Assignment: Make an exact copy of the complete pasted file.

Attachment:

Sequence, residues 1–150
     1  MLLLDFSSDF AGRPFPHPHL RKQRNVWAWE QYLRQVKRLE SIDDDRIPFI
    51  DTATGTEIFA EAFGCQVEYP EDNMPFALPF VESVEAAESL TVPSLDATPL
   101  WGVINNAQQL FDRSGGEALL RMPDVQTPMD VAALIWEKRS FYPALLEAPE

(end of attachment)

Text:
Sequence, residues 1–150
     1  MLLLDFSSDF AGRPFPHPHL RKQRNVWAWE QYLRQVKRLE SIDDDRIPFI
    51  DTATGTEIFA EAFGCQVEYP EDNMPFALPF VESVEAAESL TVPSLDATPL
   101  WGVINNAQQL FDRSGGEALL RMPDVQTPMD VAALIWEKRS FYPALLEAPE